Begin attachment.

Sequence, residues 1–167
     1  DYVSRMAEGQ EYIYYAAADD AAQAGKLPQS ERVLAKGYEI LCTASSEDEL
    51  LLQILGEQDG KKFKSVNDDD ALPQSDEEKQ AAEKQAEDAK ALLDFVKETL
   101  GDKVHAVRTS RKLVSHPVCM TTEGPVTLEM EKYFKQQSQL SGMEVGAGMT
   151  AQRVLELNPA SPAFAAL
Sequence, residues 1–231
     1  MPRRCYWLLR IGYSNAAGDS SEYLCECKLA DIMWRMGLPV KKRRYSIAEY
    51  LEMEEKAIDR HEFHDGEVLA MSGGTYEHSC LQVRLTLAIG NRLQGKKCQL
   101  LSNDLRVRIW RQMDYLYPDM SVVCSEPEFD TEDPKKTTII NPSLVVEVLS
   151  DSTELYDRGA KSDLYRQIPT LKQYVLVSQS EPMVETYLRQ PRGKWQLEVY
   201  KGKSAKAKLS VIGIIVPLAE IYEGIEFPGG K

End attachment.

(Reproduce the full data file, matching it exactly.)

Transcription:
Sequence, residues 1–167
     1  DYVSRMAEGQ EYIYYAAADD AAQAGKLPQS ERVLAKGYEI LCTASSEDEL
    51  LLQILGEQDG KKFKSVNDDD ALPQSDEEKQ AAEKQAEDAK ALLDFVKETL
   101  GDKVHAVRTS RKLVSHPVCM TTEGPVTLEM EKYFKQQSQL SGMEVGAGMT
   151  AQRVLELNPA SPAFAAL
Sequence, residues 1–231
     1  MPRRCYWLLR IGYSNAAGDS SEYLCECKLA DIMWRMGLPV KKRRYSIAEY
    51  LEMEEKAIDR HEFHDGEVLA MSGGTYEHSC LQVRLTLAIG NRLQGKKCQL
   101  LSNDLRVRIW RQMDYLYPDM SVVCSEPEFD TEDPKKTTII NPSLVVEVLS
   151  DSTELYDRGA KSDLYRQIPT LKQYVLVSQS EPMVETYLRQ PRGKWQLEVY
   201  KGKSAKAKLS VIGIIVPLAE IYEGIEFPGG K